Adaptive Framework (adaptive + framework)

Distribution by Scientific Domains

Selected Abstracts

Discontinuous Galerkin framework for adaptive solution of parabolic problems

Deepak V. Kulkarni
Abstract Non-conforming meshes are frequently employed in adaptive analyses and simulations of multi-component systems. We develop a discontinuous Galerkin formulation for the discretization of parabolic problems that weakly enforces continuity across non-conforming mesh interfaces. A benefit of the DG scheme is that it does not introduce constraint equations and their resulting Lagrange multiplier fields as done in mixed and mortar methods. The salient features of the formulation are highlighted through an a priori analysis. When coupled with a mesh refinement scheme the DG formulation is able to accommodate multiple hanging nodes per element edge and leads to an effective adaptive framework for the analysis of interface evolution problems. We demonstrate our approach by analysing the Stefan problem of solidification. Copyright 2006 John Wiley & Sons, Ltd. [source]

Indirect adaptive control of a class of marine vehicles

Yannick Morel
Abstract A nonlinear adaptive framework for bounded-error tracking control of a class of non-minimum phase marine vehicles is presented. The control algorithm relies on a special set of tracking errors to achieve satisfactory tracking performance while guaranteeing stable internal dynamics. First, the design of a model-based nonlinear control law, guaranteeing asymptotic stability of the error dynamics, is presented. This control algorithm solves the tracking problem for the considered class of marine vehicles, assuming full knowledge of the system model. Then, the analysis of the zero-dynamics is carried out, which illustrates the efficacy of the chosen set of tracking errors in stabilizing the internal dynamics. Finally, an indirect adaptive technique, relying on a partial state predictor, is used to address parametric uncertainties in the model. The resulting adaptive control algorithm guarantees Lyapunov stability of the errors and parameter estimates, as well as asymptotic convergence of the errors to zero. Numerical simulations illustrate the performance of the adaptive algorithm. Copyright 2009 John Wiley & Sons, Ltd. [source]

Wetland Restoration in the New Millennium: Do Research Efforts Match Opportunities?

Kelly I. Wagner
Abstract Of 311 papers on wetland restoration, only 15 concerned large-scale experimentation in restoration sites. Most papers described what happened, reported on small field experiments, or discussed restoration targets. While these are important topics, our opinion is that we lose significant opportunities to learn how to recover populations, community structure, and ecosystem processes, and we limit our ability to document variability and whole-system responses, when we do not experiment at large scales. We suggest that, wherever possible, large projects facilitate field tests of alternative restoration approaches. Furthermore, we encourage researchers to take advantage of major restoration efforts by conducting large field experiments, assessing multiple responses, and offering restoration guidance in an adaptive framework. [source]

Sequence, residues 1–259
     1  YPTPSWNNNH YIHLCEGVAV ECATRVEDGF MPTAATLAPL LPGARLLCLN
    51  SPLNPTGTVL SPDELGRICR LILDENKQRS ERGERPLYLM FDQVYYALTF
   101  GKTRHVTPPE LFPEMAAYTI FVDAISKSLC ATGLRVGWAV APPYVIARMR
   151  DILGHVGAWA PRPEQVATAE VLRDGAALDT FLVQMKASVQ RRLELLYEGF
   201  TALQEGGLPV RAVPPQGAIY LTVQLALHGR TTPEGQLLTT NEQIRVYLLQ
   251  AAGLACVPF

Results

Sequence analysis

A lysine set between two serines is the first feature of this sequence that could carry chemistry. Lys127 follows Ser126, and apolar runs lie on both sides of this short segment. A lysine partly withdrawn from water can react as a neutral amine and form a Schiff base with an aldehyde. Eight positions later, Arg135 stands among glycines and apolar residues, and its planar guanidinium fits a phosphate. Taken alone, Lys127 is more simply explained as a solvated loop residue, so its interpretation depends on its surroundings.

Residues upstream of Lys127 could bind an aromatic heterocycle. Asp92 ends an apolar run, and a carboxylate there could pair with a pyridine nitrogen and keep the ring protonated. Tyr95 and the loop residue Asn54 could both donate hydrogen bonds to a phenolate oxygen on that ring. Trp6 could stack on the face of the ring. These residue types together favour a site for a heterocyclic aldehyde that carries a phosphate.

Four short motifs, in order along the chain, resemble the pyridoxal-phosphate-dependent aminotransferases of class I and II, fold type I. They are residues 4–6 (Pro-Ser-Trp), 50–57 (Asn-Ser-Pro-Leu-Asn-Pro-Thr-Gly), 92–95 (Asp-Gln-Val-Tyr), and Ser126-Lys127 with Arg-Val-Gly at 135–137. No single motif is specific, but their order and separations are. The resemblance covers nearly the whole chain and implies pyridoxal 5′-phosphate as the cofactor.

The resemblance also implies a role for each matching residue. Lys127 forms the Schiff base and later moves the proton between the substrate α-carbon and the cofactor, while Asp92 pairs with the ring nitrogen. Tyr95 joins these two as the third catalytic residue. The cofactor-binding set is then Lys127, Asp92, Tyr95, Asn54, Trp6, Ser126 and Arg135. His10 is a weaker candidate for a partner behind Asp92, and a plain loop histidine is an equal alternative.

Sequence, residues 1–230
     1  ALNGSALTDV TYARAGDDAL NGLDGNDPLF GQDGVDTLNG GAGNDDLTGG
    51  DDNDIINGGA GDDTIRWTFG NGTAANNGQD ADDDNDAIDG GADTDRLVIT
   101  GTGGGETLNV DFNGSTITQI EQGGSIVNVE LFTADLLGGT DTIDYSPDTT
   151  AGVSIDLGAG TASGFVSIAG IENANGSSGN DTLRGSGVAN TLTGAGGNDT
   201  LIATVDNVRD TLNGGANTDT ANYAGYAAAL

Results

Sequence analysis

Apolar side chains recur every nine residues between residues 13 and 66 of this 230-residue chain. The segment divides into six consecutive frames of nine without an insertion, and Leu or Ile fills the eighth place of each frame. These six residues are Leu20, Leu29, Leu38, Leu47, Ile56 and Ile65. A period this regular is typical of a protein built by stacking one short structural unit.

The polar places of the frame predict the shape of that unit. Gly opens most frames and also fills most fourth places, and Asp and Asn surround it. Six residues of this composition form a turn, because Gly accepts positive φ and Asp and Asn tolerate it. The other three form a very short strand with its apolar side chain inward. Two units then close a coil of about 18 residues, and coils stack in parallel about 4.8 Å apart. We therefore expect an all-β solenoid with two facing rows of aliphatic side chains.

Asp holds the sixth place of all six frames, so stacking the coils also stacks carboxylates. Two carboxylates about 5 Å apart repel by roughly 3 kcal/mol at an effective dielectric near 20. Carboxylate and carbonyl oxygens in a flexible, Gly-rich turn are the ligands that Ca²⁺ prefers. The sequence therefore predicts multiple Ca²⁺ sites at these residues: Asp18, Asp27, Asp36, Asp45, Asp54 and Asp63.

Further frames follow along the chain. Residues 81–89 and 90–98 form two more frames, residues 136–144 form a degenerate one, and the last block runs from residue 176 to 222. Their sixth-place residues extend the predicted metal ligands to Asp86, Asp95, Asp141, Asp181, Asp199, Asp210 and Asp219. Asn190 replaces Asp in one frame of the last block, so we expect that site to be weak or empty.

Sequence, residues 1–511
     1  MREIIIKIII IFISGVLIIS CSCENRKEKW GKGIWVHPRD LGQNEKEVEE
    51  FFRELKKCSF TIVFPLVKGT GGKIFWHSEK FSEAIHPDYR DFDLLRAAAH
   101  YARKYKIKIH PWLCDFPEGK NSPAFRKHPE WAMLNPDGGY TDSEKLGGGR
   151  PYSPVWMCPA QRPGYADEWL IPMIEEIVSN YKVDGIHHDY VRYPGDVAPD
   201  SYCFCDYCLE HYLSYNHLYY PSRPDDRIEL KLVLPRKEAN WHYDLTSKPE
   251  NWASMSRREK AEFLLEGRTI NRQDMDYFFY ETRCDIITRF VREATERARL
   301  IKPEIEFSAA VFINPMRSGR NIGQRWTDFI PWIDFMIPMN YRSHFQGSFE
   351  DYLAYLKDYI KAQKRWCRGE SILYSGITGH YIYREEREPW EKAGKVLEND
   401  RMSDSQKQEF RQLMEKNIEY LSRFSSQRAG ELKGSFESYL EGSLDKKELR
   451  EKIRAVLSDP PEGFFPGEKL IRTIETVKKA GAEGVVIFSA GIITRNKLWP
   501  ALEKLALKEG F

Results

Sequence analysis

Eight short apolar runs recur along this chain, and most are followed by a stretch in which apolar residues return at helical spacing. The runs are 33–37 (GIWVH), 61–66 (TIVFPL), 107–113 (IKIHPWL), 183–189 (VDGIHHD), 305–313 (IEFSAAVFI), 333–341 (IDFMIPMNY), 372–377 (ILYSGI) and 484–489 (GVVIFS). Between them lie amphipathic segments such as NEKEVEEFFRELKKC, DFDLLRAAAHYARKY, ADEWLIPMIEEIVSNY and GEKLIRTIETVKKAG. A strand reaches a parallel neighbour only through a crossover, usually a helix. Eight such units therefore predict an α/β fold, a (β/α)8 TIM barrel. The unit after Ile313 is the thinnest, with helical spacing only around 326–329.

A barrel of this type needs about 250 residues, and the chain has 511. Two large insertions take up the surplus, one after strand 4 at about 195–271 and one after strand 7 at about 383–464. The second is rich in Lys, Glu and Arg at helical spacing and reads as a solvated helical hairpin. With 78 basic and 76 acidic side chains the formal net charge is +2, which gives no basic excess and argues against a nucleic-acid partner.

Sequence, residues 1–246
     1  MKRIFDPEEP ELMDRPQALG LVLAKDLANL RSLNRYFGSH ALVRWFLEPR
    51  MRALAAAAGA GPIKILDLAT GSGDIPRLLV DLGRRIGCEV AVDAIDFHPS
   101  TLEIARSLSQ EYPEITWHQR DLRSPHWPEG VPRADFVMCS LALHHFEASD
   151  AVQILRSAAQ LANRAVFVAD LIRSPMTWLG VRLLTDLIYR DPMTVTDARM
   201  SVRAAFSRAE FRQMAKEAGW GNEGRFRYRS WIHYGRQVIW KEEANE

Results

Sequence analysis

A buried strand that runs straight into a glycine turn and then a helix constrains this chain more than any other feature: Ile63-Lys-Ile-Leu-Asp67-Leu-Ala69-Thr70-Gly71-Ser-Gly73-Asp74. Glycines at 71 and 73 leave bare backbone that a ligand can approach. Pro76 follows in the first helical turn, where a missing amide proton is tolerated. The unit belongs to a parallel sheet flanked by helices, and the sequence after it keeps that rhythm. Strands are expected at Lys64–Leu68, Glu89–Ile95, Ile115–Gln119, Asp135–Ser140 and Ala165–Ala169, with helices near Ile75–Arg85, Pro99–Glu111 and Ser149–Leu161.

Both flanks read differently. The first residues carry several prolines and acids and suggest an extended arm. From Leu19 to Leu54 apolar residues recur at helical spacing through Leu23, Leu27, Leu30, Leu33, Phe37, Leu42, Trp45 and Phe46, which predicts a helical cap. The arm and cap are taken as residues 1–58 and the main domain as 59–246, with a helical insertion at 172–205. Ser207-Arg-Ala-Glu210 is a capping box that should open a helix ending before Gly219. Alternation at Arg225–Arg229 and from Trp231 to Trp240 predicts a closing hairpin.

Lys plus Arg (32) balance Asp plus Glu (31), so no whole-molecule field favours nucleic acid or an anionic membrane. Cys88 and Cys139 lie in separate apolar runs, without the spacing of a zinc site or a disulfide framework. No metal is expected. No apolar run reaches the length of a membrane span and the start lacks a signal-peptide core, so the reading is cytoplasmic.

Fauna habitat modelling and mapping: A review and case study in the Lower Hunter Central Coast region of NSW

Abstract Habitat models are now broadly used in conservation planning on public lands. If implemented correctly, habitat modelling is a transparent and repeatable technique for describing and mapping biodiversity values, and its application in peri-urban and agricultural landscape planning is likely to expand rapidly. Conservation planning in such landscapes must be robust to the scrutiny that arises when biodiversity constraints are placed on developers and private landholders. A standardized modelling and model evaluation method based on widely accepted techniques will improve the robustness of conservation plans. We review current habitat modelling and model evaluation methods and provide a habitat modelling case study in the New South Wales central coast region that we hope will serve as a methodological template for conservation planners. We make recommendations on modelling methods that are appropriate when presence-absence and presence-only survey data are available and provide methodological details and a website with data and training material for modellers. Our aim is to provide practical guidelines that preserve methodological rigour and result in defendable habitat models and maps. The case study was undertaken in a rapidly developing area with substantial biodiversity values under urbanization pressure. Habitat maps for seven priority fauna species were developed using logistic regression models of species-habitat relationships and a bootstrapping methodology was used to evaluate model predictions. The modelled species were the koala, tiger quoll, squirrel glider, yellow-bellied glider, masked owl, powerful owl and sooty owl. Models ranked sites adequately in terms of habitat suitability and provided predictions of sufficient reliability for the purpose of identifying preliminary conservation priority areas. However, they are subject to multiple uncertainties and should not be viewed as a completely accurate representation of the distribution of species habitat. We recommend the use of model prediction in an adaptive framework whereby models are iteratively updated and refined as new data become available. [source]